in ECMA-267 DVD-ROM). Please understand that this is a speculation on
my part, altough educated speculation. The same control data zone in
DVD-RW (ECMA-338, 26.1.6) is explicitly stated to be embossed, i.e.
not to be writable by the end-user device. Something similar holds
true for DVD+RW (ECMA-337, 17.11). In fact, there is a very explicit
statement to be found there:
] 17.11.3 Content provider information
] These 28 672 bytes shall be set to all (00). Under no circumstance may data
] received from the host be recorded in this field. Circumvention: Recorders and
] recording drives shall be considered as circumvention devices when these are
] produced to record, or can easily be modified to record, in any manner, a
] user-defined number in this field.
So that is very likely it. However, now the writing to this area is
under software control, and not a-priori prevented by the media. And
software can be changed...
Let me summarize my longish answer, going directly to the points of your
Q: Is it technically impossible to apply CSS on DVD-RW?
The relevant areas on the media are embossed, and can not be recorded on.
Q: Is it technically impossible to apply CSS on DVD+RW?
A: No, just very hard.
The relevant area is in fact recordable, and the drive is supposed to make
sure that the area is always set to 0. That said, one could speculate that
a modification of the drive firmware might enable one to create custom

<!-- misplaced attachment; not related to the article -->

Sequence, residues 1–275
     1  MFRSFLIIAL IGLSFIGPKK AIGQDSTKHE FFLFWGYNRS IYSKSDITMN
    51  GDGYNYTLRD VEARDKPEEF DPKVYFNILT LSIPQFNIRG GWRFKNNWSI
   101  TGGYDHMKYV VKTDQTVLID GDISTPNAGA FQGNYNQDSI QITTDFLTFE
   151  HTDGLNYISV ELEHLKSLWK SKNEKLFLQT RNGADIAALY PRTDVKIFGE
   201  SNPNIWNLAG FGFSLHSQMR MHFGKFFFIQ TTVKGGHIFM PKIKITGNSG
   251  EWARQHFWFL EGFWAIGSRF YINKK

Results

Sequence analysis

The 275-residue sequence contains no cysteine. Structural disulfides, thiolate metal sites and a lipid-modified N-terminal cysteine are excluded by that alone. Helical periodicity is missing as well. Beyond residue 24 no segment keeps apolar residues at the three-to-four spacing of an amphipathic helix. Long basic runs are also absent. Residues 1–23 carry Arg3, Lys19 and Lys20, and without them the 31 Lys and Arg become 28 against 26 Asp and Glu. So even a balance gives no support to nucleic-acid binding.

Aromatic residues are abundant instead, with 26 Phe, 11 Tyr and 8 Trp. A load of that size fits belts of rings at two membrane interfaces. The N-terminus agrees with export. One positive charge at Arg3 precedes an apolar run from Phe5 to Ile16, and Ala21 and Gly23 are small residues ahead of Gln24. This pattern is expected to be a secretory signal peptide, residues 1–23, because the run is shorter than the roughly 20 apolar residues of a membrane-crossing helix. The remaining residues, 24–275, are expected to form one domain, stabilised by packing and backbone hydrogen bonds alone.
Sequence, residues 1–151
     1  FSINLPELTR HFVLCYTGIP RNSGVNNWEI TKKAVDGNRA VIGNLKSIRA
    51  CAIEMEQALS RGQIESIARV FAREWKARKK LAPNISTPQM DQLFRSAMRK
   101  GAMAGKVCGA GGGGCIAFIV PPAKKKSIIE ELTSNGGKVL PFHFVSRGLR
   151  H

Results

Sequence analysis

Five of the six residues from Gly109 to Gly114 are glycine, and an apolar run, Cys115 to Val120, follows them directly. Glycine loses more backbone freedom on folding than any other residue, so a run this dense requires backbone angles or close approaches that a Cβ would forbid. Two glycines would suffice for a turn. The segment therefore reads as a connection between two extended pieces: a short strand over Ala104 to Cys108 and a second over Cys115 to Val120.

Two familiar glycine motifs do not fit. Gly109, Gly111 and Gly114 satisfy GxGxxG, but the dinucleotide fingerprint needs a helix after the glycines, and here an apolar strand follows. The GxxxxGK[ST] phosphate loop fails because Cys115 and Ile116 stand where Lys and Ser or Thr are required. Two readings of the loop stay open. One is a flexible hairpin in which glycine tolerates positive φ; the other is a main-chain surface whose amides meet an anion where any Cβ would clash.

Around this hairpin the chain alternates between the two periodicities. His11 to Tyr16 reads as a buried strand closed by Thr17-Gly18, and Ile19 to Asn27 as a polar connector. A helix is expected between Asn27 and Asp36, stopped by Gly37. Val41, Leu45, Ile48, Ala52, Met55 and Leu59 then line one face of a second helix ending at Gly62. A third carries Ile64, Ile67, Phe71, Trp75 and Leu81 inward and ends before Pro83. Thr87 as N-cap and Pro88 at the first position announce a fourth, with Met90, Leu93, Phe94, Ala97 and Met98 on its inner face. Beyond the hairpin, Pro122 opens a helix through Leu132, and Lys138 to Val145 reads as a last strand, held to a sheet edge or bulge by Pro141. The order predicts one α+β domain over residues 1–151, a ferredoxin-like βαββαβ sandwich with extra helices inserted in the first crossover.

content in this area.
I hope this answer addresses your question in a sufficient manner. If
you require more information, or are dissatisfied with this answer in
the slightest, please ask for clarification before rating it. I must
say it was interesting research -- I had not looked into this matter
with so much detail before. Time used: Approx. 3.5 hours.
Sources have been derived from Google searches based on 'DVD' 'CSS'
'key' 'format' 'stored' in several combinations:
http://cyber.law.harvard.edu/openlaw/DVD/dvd-discuss-faq.html (section 4.3)
http://www.extremetech.com/article2/0,1558,1230030,00.asp (protcol suggestions)
(statement about CSS keys)
http://www.mplayerhq.hu/DOCS/HTML/en/dvd.html (DeCSS behaviour)
http://www-2.cs.cmu.edu/~dst/DeCSS/Kesden/ (lecture on DVD layout, good!)
http://le-hacker.org/dvd.html (pointers to reference books and specs)
Clarification of Answer by
08 Jun 2004 06:10 PDT
let's see how far I can help you ;-)
] 1. I saw some claim about CSS with another question i had asked that said:
] "CSS requires sectors with 2053 bytes,recordable DVD sectors have 2048 bytes"
] do you have any comment about this ? it is not some certified answer
] but i would like to know where such claim come from ?
If you look in ECMA-267, section 4 (Data Format) and specifically 16.3 CPR_MAI
these are the bytes we are talking about. Basically, there are six bytes in the
header (of which five are used) that are not part of the normal payload of 2048